By nature I’m detail-oriented and a planner. But even when I’m dead-set on something happening, I’ve learned I have to stay open to the possibilities and opportunities. When I get stuck on what I think are “goals,” or too attached to specifics, I can undermine the whole damn thing. My personal power place is in executing ideas, for both my family and my clients. But if I’m not mindful, I can suck out the joy, fun and adventure, even ensure “peak moments” don’t happen. When I get super-obsessed with the outcome, I turn discipline into a workhorse. Instead of showing up for myself and my dreams in a gentle way, I get hard-headed and sabotage things, like my kids’ enthusiasm about schoolwork, sports or hobbies. I completely squash my team’s creativity on a project at work. I make sure a social outing doesn’t happen … if I’m too fixated on a certain outcome. Because I’ve completely killed the mood! (And isn’t that all we’re ever really after? A mood or feeling?)
For my clients who are used to being in charge, it can be difficult to draw the line between being too heavy-handed, bringing stress into their “big goals”, and being proactive and taking responsibility for them. It can feel terrifying to simply let things happen, particularly when the stakes are high—when you care about something so deeply that it feels like a piece of you.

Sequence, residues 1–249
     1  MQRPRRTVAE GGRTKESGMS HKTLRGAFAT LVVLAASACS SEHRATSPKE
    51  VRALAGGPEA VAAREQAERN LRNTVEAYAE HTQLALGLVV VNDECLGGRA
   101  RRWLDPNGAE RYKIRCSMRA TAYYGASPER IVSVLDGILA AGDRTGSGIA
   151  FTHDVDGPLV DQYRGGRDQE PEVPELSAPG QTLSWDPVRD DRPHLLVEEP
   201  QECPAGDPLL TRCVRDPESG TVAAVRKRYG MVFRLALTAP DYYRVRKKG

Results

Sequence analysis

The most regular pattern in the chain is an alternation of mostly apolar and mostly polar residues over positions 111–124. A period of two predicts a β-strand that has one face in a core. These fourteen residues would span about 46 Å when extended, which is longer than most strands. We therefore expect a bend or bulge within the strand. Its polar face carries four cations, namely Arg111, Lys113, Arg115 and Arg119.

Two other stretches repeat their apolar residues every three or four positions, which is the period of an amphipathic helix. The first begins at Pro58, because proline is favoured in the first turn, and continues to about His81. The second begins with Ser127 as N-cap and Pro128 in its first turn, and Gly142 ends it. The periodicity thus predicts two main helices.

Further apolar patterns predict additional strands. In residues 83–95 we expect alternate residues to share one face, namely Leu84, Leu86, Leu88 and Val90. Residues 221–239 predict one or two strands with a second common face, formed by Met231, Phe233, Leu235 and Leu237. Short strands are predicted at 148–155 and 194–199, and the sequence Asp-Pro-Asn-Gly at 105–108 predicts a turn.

Pushing vs. Allowing
“You get to choose, everyday, to be pushed by fear … or pulled by love. Sometimes it appears that the outcome is the same. But when you’re pushed, it’s what’s ahead of you that’s scary … that’s being resisted. And when you’re pulled? The promise of what’s to come is so magnetic that nothing behind you has any power. Fear and excitement often feel the same in our bodies … the choice is yours.”
A friend posted the above on Instagram recently, and it hit me like a ton of bricks.
If you like me are trying to find the middle ground between pushing and allowing, I’ve found these mindset shifts immensely helpful:
- Accept that things may not go according to plan.
- Remember that you can’t control what other people do. You can only control who you choose to be, and who you choose to trust. You can’t guarantee a specific outcome, but you can do your best to enable an effective process.
- Be shaped by your goal. Obstacles to getting what you want will definitely come up. Learn and let those obstacles shape your desires, intentions, and efforts.
- Let go of fear around not achieving your goal! If you keep going, good things will happen—both now and tomorrow—even if you can’t predict or control exactly what those good things are. Even if you don’t achieve your exact goal.
- Remember to be mindful of your health, well-being and relationships. Manage your energy wisely. High performers always do, so you’ll be in good company!
- Use positive self-talk to motivate yourself, and stick to the process instead of the outcome.
While my heart broke for my friend who continually ran away from her problems … only to find them in another way, shape or form in her new environment … she was one of my life’s greatest teachers. I will always remember the clarity I finally had about this cryptic quote when I think of her. Changing my location or my situation, achieving that next goal, acquiring that next shiny new object … none of it really matters unless I am grounded in peace, love, gratitude and total acceptance of myself, and things as they are. Right now.
Because that person you try to avoid will be there, around every corner, in all the quiet places, always waiting to talk to you. Will you greet her with a cold shoulder, or a loving embrace?
Food for thought:
Wherever you go … where are you?
In what areas of your life could you stop pushing and start allowing?